PM Modi dawdles on reform even after collapse of Yes Bank

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March 13, 2020 12:15 PM

The 72.5 billion rupee ($980 million) rescue of Yes Bank Ltd. -- the nation’s biggest-ever banking failure -- has refocused attention on the Reserve Bank of India’s regulatory autonomy.

Coronavirus outbreak, bank failure, RBI, Modi govt, Narendra Modi, indian economy, ICICI Securities Ltd, Shaktikanta Das, Yes BankThe central bank’s seizure of Yes Bank last week and sudden moratorium on cash withdrawals surprised depositors and investors alike.

India’s messy banking system has long been a source of friction between the Prime Minister Narendra Modi’s government and the central bank. But even the collapse of the nation’s fourth-largest lender isn’t spurring any urgency to clean things up.

The 72.5 billion rupee ($980 million) rescue of Yes Bank Ltd. — the nation’s biggest-ever banking failure — has refocused attention on the Reserve Bank of India’s regulatory autonomy. While analysts have highlighted the need for the government to fast-track long-delayed legislation to tackle bad loans while allowing banks to fail without inducing system-wide panic, no legislation is imminent.

“The government will try to bring in some mechanism to resolve insolvencies and bankruptcies in financial institutions,“ said Gopal Krishna Agarwal, a spokesman for Modi’s ruling Bharatiya Janata Party, who defended the speed at which the Yes Bank crisis was resolved. Still, he said, new reforms “may not happen in the current parliamentary session.”

The central bank’s seizure of Yes Bank last week and sudden moratorium on cash withdrawals surprised depositors and investors alike. Although the RBI sought to confirm the safety of deposits by inviting the nation’s largest lender to make a confidence-building share purchase, the crisis shows the stress facing India’s financial system.

The economy is already set to decelerate to an 11-year low and the coronavirus outbreak threatens to delay a revival. There’s also rising investor discomfort over the government’s focus on its social agenda that’s caused widespread religious tensions at the expense of stoking economic growth amid a string of failures at banks and shadow lenders as stressed assets climbed to $190 billion — among the highest in the world.

Modi needs to resolve these legacy problems, including the fact that it’s not clear whether the government or the central bank holds the main responsibility for regulating the banks, according to N.R. Bhanumurthy, senior economist at New Delhi-based National Institute of Public Finance and Policy, who advises the government on economic policy.

“There needs to be a decision, once and for all, over who really supervises Indian banks — the government or the Reserve Bank of India,” said Bhanumurthy, noting that legally the RBI is still under the Ministry of Finance. “There is a need for a method in the way policy measures are taken. Banking regulation remains an issue.”

Blame Game

An earlier attempt to introduce a bill that would have allowed the sale of one bank to another and created a Resolution Corporation — similar to the Federal Deposit Insurance Corporation in the U.S. — to take over failing banks, was withdrawn in 2018 after facing opposition.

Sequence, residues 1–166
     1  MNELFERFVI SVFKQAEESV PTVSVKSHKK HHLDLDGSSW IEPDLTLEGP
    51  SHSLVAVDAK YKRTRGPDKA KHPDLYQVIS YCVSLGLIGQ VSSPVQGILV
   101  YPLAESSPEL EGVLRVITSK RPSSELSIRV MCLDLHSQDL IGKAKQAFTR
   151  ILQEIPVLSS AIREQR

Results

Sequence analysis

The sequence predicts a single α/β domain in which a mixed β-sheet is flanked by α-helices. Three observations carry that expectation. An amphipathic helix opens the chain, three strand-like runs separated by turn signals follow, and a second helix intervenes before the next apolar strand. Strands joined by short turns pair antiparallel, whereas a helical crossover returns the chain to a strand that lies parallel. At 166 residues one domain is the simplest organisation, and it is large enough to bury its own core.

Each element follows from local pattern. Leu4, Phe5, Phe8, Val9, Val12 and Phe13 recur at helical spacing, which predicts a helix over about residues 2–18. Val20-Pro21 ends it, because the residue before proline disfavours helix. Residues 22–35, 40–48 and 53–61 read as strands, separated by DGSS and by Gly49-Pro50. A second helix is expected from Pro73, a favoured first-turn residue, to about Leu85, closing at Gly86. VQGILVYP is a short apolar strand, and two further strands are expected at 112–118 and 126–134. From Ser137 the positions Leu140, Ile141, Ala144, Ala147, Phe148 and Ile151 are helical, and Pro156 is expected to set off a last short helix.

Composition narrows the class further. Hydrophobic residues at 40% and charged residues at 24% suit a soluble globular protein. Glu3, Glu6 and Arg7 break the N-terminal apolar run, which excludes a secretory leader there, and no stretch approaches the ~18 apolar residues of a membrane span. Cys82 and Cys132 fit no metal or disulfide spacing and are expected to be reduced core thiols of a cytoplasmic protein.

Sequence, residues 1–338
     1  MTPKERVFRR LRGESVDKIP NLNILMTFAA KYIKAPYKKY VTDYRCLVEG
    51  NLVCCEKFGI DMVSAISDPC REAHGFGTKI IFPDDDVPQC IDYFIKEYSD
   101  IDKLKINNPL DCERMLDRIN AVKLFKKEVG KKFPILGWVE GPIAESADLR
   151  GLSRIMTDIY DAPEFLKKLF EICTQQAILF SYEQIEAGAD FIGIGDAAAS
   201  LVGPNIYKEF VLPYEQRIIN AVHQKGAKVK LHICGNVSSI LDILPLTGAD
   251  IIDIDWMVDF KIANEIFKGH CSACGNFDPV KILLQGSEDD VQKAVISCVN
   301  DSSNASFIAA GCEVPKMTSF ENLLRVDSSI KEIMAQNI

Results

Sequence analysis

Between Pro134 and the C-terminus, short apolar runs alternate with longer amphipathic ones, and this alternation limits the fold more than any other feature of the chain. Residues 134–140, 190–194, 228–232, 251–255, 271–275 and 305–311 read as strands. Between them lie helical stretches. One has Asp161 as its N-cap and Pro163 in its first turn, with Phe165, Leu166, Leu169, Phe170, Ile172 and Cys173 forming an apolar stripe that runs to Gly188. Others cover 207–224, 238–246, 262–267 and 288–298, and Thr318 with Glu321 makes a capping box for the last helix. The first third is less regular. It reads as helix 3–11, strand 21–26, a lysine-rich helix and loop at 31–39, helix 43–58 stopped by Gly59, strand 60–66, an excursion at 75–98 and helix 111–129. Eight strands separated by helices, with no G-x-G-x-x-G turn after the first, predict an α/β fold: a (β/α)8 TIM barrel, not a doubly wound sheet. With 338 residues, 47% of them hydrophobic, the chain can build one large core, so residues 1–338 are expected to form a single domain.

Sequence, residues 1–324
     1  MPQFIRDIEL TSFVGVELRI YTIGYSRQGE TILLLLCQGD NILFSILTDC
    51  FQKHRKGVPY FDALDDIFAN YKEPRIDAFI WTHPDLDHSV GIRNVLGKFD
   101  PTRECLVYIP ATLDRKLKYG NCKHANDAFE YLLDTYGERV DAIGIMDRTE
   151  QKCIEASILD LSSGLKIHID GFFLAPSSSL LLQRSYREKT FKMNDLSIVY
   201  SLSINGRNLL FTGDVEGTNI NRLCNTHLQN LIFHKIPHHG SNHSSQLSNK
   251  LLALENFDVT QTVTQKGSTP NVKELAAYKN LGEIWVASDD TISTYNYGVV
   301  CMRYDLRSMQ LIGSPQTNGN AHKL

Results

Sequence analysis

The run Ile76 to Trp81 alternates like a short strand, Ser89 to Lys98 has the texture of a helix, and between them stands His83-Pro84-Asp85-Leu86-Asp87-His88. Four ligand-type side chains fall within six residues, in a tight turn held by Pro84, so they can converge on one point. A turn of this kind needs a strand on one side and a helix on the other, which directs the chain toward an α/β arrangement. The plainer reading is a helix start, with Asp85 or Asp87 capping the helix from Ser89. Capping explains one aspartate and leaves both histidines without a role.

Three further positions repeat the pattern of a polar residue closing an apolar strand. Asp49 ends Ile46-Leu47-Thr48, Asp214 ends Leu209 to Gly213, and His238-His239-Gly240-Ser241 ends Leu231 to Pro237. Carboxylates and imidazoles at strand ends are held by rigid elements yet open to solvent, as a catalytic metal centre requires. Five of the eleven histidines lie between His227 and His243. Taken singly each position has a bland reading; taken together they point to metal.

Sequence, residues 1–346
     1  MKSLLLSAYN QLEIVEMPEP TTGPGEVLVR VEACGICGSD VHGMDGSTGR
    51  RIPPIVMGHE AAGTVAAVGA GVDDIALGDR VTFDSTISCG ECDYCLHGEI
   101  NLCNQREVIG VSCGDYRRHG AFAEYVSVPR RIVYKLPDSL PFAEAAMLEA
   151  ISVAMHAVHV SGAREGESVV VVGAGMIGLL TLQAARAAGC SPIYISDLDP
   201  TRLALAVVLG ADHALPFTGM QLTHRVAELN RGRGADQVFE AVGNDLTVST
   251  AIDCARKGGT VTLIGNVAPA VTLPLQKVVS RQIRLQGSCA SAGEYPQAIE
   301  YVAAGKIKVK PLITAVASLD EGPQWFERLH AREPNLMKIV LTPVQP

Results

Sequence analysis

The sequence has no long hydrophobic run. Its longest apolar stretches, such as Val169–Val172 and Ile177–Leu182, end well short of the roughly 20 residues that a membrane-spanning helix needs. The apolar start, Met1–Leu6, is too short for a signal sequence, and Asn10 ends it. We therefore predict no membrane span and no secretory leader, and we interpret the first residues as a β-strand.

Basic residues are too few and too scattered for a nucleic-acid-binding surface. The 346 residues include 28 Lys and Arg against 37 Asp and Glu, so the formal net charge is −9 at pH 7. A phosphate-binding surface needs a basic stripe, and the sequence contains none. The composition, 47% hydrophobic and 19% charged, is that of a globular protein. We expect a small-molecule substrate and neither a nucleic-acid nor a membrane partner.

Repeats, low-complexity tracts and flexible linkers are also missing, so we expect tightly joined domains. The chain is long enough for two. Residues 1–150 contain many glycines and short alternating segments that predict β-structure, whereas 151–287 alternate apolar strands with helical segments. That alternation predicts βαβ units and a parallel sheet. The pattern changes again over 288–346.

The tussle over reforms that started after former central bank governor Raghuram Rajan tried to get state lenders to recognize and provide for soured loans resulted in his resignation after just one term amid criticism from Modi’s allies for keeping lending rates too high and stifling growth. His successor, Urjit Patel, also clashed with the government over its demands to ease lending curbs on state-run banks and hand over more of the RBI’s capital to the state.

Patel abruptly quit before his first term had finished, shortly after raising the problem of dual regulation following a $2 billion fraud case at Punjab National Bank, one of the biggest state-run lenders.

Shaktikanta Das, one of the key officials helping to carry out Modi’s controversial cash ban in 2016, has taken a more conciliatory line since he was appointed governor in December 2018.

Rebuilding Trust
Finance Minister Nirmala Sitharaman last week said the exposure of Yes Bank to some stressed corporates occurred before the Modi government came to power.

Yet even the BJP’s ideological partners agree that more needs to be done.

“The government has worked to improve the trust of people — they have done everything right in rescuing Yes Bank,” said Ashwani Mahajan, co-convenor of the Swadeshi Jagran Manch, affiliated to the ruling party’s ideological parent, the Rashtriya Swayamsevak Sangh. “But more needs to be done to improve trust. Because once trust is gone, it’s gone.” Mahajan says Modi has tried to resolve “legacy issues” but needs to strengthen state-run lenders.

Yet, while the government defends its handling of banking failures, foreign portfolio investors withdrew investments worth $1.8 billion from India in the first six days of March, BloombergQuint reported.

“The Modi government is facing a crisis of credibility in the political as well as economic sphere,” said Nikita Sud, an associate professor at the University of Oxford’s department of international development. “Instead of listening to expert opinion, or building solid institutions, the rulers have pushed through flawed, knee jerk decisions.”

Now is the time to bring in a law to handle financial failure of banks to help restore investor faith, according to Suyash Rai, political economist at Carnegie India.

“They need to give a signal that they are serious about reforms — put in place legal provisions to handle insolvencies of banks and bring back the reforms lying on the back burner,” said Rai.

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